Al Jazeera's Genius of Western-Hating Commerce

♠ Posted by Emmanuel in , at 6/21/2010 12:09:00 AM
In the Eighties (for those old enough to remember them), Eddie Murphy came out with a novelty song called "Kill the White People" that parodied those ostensibly decrying all things Western while harbouring essentially commercial motives:

We sing of freedom and ooh equality
But we really don't care we just want money, money, money
We want to drive in a big black limousine
Get so high off ganja we can't even see
And then we kill the white people - ooh we gunna make them hurt
Kill the white people, yeah, ooh but buy my record first...

Which brings me to this interesting feature from The Economist on the rather nefarious cable channel Al Jazeera. Aside from pillorying the West endlessly, it also takes aim at any number of other Arabic governments that don't happen to be Qatar's. See, the Qataris--now owners of that rather decadent symbol of Western consumerism Harrods, if you remember--have been the funders of Al Jazeera from the get-go. Unlike the more sedate Saudi-funded Al Arabiya, Al Jazeera's declamatory--and, to be honest, inflammatory--style has made it far more of a success in the Arab world. As with many successful propaganda campaigns, you must have a simple message and pound it in relentlessly.

That, of course, contrasts with the essentially Western-ish commercial motives and production values behind Al Jazeera that you'd otherwise think its powers-that-be would decry. Yes, it's very much in the tongue-in-cheek kill the people, but buy my record first mould. The slyness of Al Jazeera, however, is that it clears up its tracks adequately enough while inflame passions on the Arab street in a way many others haven't--for commercial gain, of course:
The influence and reach of Al Jazeera continue to astound. It is certainly the most powerful news-and-current-affairs channel in the Arab world, well ahead of Al Arabiya, its Saudi-owned, more pro-Western rival. Al Jazeera claims to beam its main Arabic-language channel into around half of all Arab homes. Its English-language channel is said to reach 200m elsewhere, making waves in Africa, Asia and Latin America. Quite a lot of Europeans watch it, too.

This year, thanks to the munificence of the emir of Qatar, who is said to put at least $400m a year into its coffers, Al Jazeera’s clout may yet strengthen. The English-language channel and the Arabic one between them have at least 60 bureaus, with 12 in Africa alone, a number unthinkable for their shrinking Western rivals. Ten more, beyond Al Jazeera’s hubs in Doha, London, Washington, DC, and Kuala Lumpur, are expected to open by the end of next year. Coverage of events such as Sudan’s recent election, to which seven staff reporters and a score of technicians were assigned, put Western media in the shade.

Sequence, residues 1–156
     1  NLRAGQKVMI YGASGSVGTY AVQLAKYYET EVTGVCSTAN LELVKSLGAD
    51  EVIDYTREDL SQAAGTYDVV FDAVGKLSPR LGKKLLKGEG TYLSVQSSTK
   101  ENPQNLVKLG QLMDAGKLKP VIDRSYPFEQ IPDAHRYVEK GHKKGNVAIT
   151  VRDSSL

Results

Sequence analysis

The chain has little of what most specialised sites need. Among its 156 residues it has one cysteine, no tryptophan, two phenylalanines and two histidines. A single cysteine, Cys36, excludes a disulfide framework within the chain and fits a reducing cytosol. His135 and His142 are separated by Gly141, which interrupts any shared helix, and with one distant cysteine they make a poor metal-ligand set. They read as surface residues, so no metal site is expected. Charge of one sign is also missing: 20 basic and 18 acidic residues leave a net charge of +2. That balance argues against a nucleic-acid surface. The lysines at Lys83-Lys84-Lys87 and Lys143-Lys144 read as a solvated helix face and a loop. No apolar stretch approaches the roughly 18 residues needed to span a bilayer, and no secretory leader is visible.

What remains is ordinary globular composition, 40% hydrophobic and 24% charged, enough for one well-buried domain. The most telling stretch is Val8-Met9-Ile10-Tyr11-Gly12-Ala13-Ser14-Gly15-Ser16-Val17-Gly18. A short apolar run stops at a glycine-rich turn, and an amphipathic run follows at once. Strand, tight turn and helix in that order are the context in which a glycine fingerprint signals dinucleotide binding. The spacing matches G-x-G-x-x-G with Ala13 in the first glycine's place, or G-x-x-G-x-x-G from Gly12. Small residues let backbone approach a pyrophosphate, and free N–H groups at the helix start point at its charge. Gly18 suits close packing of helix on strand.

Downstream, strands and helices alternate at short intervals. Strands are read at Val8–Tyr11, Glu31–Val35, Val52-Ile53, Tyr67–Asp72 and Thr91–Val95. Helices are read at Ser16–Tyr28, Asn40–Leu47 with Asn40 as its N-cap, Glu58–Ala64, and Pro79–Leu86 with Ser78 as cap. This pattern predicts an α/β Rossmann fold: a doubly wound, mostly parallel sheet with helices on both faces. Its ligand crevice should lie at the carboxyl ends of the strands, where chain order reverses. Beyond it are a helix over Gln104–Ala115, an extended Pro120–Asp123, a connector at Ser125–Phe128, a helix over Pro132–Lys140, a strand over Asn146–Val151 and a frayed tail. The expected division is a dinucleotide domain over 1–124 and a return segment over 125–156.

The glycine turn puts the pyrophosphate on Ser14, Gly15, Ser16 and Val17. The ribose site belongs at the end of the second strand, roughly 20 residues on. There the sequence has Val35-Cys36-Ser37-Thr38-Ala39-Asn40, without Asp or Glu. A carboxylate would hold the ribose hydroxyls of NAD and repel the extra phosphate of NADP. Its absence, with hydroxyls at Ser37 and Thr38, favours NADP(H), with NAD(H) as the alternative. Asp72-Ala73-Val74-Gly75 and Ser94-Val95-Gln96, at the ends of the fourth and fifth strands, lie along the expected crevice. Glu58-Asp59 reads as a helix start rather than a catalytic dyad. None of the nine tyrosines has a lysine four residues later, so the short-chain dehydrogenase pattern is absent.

The two language services are editorially separate. The English one’s choice of topics reflects the third-world interests of its viewers, concentrating more than its Western counterparts do on global poverty and the anger often felt towards America and the West. But it offers a wide range of opinion and covers Western politics well too. Both language services have bureaus in Jerusalem, Gaza and Ramallah (the Palestinian Authority’s seat), regularly giving Israelis a voice.

The Arabic service is a lot more controversial. Pro-Western Arab governments, particularly those of Egypt and Saudi Arabia, which denies Al Jazeera a bureau, repeatedly accuse it of bias. In particular they say it favours the Muslim Brotherhood, Egypt’s chief opposition, and Hamas, the Islamist movement that runs Gaza and refuses to recognise Israel...

Al Jazeera’s anti-Western populism was strongly echoed at its recent forum on “the Arab and Muslim world: alternative visions”. Many speakers, denoting piety or loyalty to political Islam, prefaced their remarks with incantations of reverence for the Prophet Muhammad. On Palestine, not a single one of 200-odd invited participants spoke up for a two-state solution...

On Iraq, not a single speaker, apart from a forlorn parliamentarian from the Iraqi prime minister’s party who made a desultory comment by video-conference, expressed a flicker of sympathy for the new Shia-led order, which several voices denounced as wholly illegitimate. The Gazan who edits al-Quds al-Arabi, a populist London-based newspaper that resonates in the Arab world, drew the loudest applause with a ringing call to back the continuing Iraqi “resistance”, even though the fight is now almost entirely between Arabs. No wonder Al Jazeera makes pro-Western Arab leaders, excoriated as puppets, feel queasy—Qatar’s, of course, excepted.
What can I say? Like it or not, more coverage will emanate from it as traditional Western media shrivels due to the unprofitability of selling newspapers and the like. Al Jazeera, like its near-polar opposite in terms of message Fox News, is brilliant in its own way even if the end product isn't what you'd consider as the pinnacle of journalism. While their messages may differ, both have a similarly masterful grasp of the medium. Just as the former has Fox News Babes, you can rest assured that the (rather better clad) anchorwomen on the latter do not fall short in the looks department. To paraphrase Eddie Murphy's incisive brand of satire, on Al Jazeera 24/7 it's kill the white people--but watch my channel first!